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    Re: Use of X-ray film: technical discussion with example images

    Quote Originally Posted by Michael E View Post
    The thought of correcting your working EI from 80 to 50 while refusing to use a light meter is intriguing. :-)
    When I got the strobes, I couldn't find a way to put up my finger to measure strobelight so for a brief period I did actually use the meter correctly until I understood the lights. Remember, I've been shooting film seriously since around 1961, but studio strobes were completly new, so give me a break. :-) Now that I have a feel for them, though, I change my exposures from my base according to the old way, as everyone did pre flash meters. How many feet away is it, how big is the source, is there anything coming off the walls, etc.
    Thanks, but I'd rather just watch:
    Large format: http://flickr.com/michaeldarnton
    Mostly 35mm: http://flickr.com/mdarnton
    You want digital, color, etc?: http://www.flickr.com/photos/stradofear

  6. #4066

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    Re: Use of X-ray film: technical discussion with example images

    Quote Originally Posted by Peter J. De Smidt View Post
    Michael, for lower contrast with x-ray, have you tried rating the film at, say, 25, and developing by inspection until you see the shadows that you like?
    With the developer as it now is, when things start happening, they happen too quickly for me to feel comfy ripping the film out. (Thinking about uneven developing, here.) I'm hoping that diluting the dev will slow down the short major activity period when everything is happening. The film acts a lot like old, pre-developer-incorporation photo paper, in that it sits there for about eight minutes, and then a lot happens suddenly, then after that it gradually matures. You'd want to be ripping it out during the phase when things are changing fast.

    Thanks for the confirmation about the possible effects of exhaustion. Maybe diluting it, and then adding some potassium bromide (thanks, Will!) might do what I want. That's certainly easy enough to try.

    I've always liked the look of old film and am a huge http://shorpy.com fan, so discovering xray film and trying to make it work is very exciting to me. The =1975 film price doesn't hurt any, too.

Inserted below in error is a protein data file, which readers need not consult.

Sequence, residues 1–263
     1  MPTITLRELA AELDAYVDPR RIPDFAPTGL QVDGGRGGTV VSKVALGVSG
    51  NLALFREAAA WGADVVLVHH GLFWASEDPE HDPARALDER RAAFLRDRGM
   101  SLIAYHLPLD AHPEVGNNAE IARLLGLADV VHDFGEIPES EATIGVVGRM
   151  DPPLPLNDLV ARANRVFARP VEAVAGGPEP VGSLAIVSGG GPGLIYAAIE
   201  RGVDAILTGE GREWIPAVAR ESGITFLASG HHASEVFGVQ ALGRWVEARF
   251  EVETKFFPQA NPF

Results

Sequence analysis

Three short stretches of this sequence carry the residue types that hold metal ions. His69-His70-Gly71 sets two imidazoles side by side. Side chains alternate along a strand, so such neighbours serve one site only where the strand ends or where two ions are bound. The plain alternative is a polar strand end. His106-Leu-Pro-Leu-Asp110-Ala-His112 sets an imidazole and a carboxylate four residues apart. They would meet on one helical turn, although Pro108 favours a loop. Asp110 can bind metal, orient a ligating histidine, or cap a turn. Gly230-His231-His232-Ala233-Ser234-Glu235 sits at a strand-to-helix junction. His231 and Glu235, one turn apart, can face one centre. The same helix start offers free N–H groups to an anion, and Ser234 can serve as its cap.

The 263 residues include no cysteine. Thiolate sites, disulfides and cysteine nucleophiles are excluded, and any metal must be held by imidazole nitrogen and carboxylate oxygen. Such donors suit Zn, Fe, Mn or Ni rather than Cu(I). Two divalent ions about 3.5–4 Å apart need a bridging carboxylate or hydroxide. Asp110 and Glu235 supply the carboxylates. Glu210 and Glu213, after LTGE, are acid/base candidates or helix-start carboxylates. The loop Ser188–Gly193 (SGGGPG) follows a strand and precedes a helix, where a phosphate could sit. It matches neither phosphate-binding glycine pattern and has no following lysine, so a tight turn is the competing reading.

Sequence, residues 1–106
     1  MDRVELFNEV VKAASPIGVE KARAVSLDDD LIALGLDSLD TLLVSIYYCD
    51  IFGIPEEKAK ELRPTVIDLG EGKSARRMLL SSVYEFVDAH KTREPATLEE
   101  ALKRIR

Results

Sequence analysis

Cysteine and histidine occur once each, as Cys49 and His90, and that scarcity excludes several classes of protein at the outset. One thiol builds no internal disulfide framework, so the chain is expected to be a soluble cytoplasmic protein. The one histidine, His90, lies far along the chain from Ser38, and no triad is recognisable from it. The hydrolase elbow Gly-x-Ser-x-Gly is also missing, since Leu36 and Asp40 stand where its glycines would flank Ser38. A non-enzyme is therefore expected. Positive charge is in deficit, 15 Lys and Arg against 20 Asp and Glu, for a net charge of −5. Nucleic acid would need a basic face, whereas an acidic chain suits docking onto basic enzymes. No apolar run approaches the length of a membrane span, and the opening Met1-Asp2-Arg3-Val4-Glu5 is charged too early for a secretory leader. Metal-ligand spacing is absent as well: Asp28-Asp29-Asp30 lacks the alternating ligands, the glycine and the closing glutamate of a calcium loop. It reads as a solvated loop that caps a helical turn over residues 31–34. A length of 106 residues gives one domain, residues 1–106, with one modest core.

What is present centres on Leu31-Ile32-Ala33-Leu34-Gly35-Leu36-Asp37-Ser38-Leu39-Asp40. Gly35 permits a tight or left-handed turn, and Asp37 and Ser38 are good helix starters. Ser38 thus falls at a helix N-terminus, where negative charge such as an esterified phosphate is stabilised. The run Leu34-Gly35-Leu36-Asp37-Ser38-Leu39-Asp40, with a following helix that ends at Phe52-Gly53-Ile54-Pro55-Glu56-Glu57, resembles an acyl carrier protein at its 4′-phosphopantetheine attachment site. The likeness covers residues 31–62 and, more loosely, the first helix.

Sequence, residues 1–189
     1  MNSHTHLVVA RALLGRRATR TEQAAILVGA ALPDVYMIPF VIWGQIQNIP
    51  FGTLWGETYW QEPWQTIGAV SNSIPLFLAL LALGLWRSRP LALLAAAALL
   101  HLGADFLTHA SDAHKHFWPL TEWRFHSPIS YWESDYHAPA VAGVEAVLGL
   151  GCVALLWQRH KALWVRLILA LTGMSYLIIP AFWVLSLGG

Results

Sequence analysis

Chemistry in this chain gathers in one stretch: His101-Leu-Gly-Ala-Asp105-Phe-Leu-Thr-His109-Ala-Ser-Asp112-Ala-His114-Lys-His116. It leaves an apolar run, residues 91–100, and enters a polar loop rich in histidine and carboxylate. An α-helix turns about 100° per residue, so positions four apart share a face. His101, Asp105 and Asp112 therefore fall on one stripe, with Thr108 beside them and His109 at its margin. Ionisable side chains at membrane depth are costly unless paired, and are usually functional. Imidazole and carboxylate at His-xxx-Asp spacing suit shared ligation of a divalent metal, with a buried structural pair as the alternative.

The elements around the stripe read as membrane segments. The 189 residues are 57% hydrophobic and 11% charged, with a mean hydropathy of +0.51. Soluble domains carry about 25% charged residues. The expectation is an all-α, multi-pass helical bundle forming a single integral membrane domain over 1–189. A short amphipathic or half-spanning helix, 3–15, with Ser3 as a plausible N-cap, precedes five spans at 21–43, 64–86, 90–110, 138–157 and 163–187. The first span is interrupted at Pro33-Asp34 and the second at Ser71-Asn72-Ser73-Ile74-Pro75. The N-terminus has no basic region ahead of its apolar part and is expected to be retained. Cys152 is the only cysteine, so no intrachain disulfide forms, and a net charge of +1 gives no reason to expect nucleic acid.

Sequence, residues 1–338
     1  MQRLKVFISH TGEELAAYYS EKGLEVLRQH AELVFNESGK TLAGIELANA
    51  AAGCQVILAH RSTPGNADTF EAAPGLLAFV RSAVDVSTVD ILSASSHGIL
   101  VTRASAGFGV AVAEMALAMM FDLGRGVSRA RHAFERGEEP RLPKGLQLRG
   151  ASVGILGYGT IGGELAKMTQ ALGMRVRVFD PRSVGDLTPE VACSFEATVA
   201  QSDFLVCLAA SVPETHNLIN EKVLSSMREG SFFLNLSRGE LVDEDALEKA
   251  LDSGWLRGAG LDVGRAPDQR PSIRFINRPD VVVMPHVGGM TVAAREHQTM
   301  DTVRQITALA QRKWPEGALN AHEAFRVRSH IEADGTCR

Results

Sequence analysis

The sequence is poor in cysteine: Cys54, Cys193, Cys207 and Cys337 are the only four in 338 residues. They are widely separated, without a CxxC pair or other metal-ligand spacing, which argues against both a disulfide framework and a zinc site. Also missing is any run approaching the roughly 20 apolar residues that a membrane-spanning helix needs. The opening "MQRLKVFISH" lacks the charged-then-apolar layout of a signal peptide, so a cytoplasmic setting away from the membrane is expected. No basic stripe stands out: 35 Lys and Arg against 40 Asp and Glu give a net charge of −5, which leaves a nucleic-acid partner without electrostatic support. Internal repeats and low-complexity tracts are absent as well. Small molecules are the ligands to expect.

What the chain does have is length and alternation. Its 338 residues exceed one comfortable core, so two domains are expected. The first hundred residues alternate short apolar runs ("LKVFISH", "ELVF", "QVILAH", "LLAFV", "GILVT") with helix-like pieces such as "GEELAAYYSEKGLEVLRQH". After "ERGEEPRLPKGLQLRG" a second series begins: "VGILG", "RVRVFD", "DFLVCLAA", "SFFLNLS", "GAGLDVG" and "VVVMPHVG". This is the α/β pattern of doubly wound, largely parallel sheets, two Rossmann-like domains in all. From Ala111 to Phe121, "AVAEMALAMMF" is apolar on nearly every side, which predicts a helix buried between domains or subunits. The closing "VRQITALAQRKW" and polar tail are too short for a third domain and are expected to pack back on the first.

Thanks, but I'd rather just watch:
    Large format: http://flickr.com/michaeldarnton
    Mostly 35mm: http://flickr.com/mdarnton
    You want digital, color, etc?: http://www.flickr.com/photos/stradofear

  7. #4067

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    Re: Use of X-ray film: technical discussion with example images

    A little bit of hydro-quinol will stretch out your development. Metol alone is a slow, very much nothing, then suddenly, bingo developer. That is why they developed a M-Q developer.

  8. #4068

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    Re: Use of X-ray film: technical discussion with example images

    Thanks. Maybe I should try hyper-dilute D76 instead of D23? What do you think of that idea? Or would that be too much hydroquinone and I could make a hybrid? I'm open to anything that I can mix up myself.
    Thanks, but I'd rather just watch:
    Large format: http://flickr.com/michaeldarnton
    Mostly 35mm: http://flickr.com/mdarnton
    You want digital, color, etc?: http://www.flickr.com/photos/stradofear

  9. #4069

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    Re: Use of X-ray film: technical discussion with example images

    I use D-23 undiluted with Ektascan RA film in a tray with limited agitation.. It produces a beautiful long scaled image for palladium or salt printing.

  10. #4070

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    Re: Use of X-ray film: technical discussion with example images

    For me, the problem with D-76 is too much Metol. I would just try adding a little Metol to D-23. D-23 has a fantastic tonal range. I wouldn't want to give up that tonal range to get an easier development regimen. Bye the way, another way to slow down D-23 is to develop at a lower temperature. 65 degrees works for me.